In a more specific example the volumetric chamber is thin and semicircular in configuration. The cover is generally flat and the adhering surface comprises a cork lamina.
Additional features in accordance with this invention includes a hinge movably coupling the adhering surface to the chamber so that the adhering surface is easily movable from a first position in contact with the aperture means, to a second position in which the hinged flat plate is movable to a position remote from the aperture means, so that a brush may be applied to remove the powdered material from the adhering cork lamina.
The nature of the invention described herein may be best understood and appreciated by the following description taken in connection with the accompanying drawings in which:
FIG. 1 is a perspective view depicting an example of a cosmetic dispensing device in accordance with this invention;
FIG. 2 is an exploded cross-sectional view of the invention taken along lines 2--2 of FIG. 1, with the plate in a closed first position;
FIG. 3 is a cross-sectional view of an example of the invention depicted in FIG. 1, with the plate in a closed second position also taken along lines 2--2 of FIG. 1;
FIG. 4 is a plan view of an example of the invention taken along lines 4--4 of FIG. 3; and
FIG. 5 and FIG. 6 are perspective views of different examples of cosmetic dispensing devices in accordance with this invention.
With particular reference to FIGS. 1, 2, 3 and 4, an example of a cosmetic compact in accordance with this invention generally comprises a compact case 10 and a module 12, typically of plastic, preferably injection molded or vacuum formed, and affixed within the case 10. The case 10 comprises a circular lower shell 11 and a mating circular upper shell 13 hinged in movable relationship to the lower shell 11. The module 12 defines a thin volumetric chamber 14 including a pan 16 for confining a fine iron oxide based makeup powder to a generally thin areally disposed volumetric region. The thin volumetric chamber 14, in this example is generally semicircular, though it may have a rectangular form or other areal shape, such as shown by way of example in FIG. 5 and FIG. 6. A cover 18 mates with the module 12 spaced apart from the pan 16 and is fixed in place along a joint 20, such as by mechanical locking spines or other fastening means, so that the pan 16 cannot be refilled by the consumer. The cover 18 defines an areally disposed array of apertures 22 for sparingly allowing passage of an iron oxide based cosmetic makeup powder 24 disposed on the pan 16. Typically, about 0.02 grams of powder 24 may be loaded on the pan at the factory. The upper portion is sealed so that once the pan 16 is filled and the cover 18 locked or fixed in place, the cover may not be removed. Thus, the only manner in which the makeup powder can escape from the pan 16 is through the apertures 22.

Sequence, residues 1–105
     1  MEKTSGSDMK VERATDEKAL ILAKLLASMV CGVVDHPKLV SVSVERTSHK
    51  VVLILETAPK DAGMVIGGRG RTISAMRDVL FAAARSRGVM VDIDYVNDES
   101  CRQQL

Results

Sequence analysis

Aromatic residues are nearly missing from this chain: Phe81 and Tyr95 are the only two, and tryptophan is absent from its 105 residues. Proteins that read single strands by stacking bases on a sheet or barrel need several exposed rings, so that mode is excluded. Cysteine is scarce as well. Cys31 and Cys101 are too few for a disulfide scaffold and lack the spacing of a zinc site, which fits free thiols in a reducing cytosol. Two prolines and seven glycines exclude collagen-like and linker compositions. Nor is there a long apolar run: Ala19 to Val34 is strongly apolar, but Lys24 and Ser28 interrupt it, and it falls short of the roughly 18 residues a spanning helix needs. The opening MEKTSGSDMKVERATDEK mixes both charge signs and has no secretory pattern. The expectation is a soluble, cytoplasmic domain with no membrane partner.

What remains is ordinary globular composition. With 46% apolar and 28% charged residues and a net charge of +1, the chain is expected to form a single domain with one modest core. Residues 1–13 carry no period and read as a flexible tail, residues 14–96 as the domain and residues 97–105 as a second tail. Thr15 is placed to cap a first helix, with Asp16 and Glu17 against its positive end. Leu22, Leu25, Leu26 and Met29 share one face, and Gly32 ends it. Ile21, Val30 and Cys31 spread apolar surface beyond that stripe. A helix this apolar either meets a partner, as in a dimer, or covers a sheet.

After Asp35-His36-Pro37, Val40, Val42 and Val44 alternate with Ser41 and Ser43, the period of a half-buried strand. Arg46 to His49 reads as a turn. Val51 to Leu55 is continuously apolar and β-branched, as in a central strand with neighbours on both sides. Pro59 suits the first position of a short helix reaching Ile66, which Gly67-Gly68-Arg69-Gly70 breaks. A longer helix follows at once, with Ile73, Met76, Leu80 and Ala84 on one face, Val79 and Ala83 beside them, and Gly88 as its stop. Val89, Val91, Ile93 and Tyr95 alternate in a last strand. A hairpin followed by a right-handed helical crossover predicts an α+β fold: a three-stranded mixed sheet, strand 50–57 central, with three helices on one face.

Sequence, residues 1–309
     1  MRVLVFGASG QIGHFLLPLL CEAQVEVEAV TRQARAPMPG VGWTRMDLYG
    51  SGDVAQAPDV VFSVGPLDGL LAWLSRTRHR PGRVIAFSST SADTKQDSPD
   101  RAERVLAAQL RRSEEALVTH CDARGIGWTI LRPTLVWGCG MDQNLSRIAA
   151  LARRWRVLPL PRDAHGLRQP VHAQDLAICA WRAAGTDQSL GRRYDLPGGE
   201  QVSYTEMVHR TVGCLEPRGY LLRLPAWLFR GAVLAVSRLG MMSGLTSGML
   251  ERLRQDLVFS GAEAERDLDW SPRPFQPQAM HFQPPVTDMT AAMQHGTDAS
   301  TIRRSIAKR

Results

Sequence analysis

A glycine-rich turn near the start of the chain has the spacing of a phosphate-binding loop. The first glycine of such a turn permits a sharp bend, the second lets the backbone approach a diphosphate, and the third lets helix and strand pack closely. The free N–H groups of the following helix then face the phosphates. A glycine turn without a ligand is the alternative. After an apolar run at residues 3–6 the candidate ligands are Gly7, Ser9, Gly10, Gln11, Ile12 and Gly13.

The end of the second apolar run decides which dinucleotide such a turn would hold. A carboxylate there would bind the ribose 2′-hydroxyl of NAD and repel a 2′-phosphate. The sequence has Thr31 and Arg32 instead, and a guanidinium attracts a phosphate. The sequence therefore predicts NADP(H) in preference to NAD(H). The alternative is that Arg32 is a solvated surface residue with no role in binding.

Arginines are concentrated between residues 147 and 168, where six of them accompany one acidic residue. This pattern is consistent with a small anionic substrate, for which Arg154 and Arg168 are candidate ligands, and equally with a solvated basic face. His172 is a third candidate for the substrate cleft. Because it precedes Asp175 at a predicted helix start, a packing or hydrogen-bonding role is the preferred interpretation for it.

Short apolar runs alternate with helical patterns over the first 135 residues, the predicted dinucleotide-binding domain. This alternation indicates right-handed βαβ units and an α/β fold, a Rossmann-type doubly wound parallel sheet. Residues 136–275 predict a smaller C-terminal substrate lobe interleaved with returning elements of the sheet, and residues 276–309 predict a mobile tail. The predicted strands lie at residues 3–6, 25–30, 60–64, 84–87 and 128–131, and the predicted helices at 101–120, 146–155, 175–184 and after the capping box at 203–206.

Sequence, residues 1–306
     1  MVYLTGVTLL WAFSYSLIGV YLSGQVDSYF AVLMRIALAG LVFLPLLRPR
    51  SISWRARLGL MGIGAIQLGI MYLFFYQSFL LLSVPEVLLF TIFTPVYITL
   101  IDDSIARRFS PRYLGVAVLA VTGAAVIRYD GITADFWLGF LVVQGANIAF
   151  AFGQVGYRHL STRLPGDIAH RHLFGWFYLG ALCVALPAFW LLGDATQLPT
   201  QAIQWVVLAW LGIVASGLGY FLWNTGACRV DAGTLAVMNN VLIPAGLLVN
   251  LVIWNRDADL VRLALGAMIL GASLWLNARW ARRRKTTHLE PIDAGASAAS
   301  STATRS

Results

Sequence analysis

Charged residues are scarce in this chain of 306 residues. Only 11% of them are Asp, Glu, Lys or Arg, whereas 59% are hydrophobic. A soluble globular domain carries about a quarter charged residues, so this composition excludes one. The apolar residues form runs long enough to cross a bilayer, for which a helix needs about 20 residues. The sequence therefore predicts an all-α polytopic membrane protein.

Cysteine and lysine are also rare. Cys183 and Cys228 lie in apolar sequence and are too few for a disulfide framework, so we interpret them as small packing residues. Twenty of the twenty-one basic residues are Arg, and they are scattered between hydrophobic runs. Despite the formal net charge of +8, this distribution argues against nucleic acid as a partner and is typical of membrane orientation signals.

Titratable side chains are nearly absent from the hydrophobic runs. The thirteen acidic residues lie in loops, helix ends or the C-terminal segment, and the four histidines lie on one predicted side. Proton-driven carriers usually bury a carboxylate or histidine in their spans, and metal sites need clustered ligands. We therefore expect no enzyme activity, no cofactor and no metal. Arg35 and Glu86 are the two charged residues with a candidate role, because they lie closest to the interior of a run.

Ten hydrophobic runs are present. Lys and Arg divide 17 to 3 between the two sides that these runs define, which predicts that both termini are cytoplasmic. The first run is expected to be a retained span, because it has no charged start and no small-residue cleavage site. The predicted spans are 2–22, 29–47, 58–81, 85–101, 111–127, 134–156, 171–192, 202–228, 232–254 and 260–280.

A hinged plate 26 for providing an adhering surface has a substantially nonporous makeup adhering surface provided by a smooth cork lamina 28 glued to the plate 26 for receiving makeup powder 24 from the pan 16. The hinged plate 26 is movable from a first or closed position whereby the adhering cork surface 28 is in facing flush relationship to the cover 18 for receiving the pigmented makeup 24. The apertures are sufficiently small so that only a limited quantity of the powder can escape through the aperture array 22 yet large enough to allow sufficient material to escape to the adhering surface 28. The cover 18 is preferably stiff and planar, though it may have a curved configuration, providing the lamina 28 has a similar matable configuration to engage the cover 18 in facing generally flush relationship.
The plate 26 has a hinge 30 movably fastening the plate 26 to the module 12. Preferably, the plate is integrally molded with the module 12, and the hinge 30 is a "live" hinge and thus a thin flexible plastic portion.
The plate 26 is movable to a second or open position as best depicted in FIG. 3, in which the cork surface 28 is moved remote from the apertures 22 to allow the makeup powder 24 on the adhering surface 28 to be removed, such as by a brush, puff or cotton swab and applied to the wearers face. A latch 32 allows the plate 26 to be removably fixed in the second position by engaging a locking tab 33 on the module 12 so that the plate 26 will not move inconveniently when the makeup powder 24 is brushed off the cork surface 28. In addition, the latch 32 also engages a locking portion 34 on the module 12 adjacent the cover to allow the latch 32 to be locked in the first position, when the user desires to dispense the powder 24 on the cork surface 28.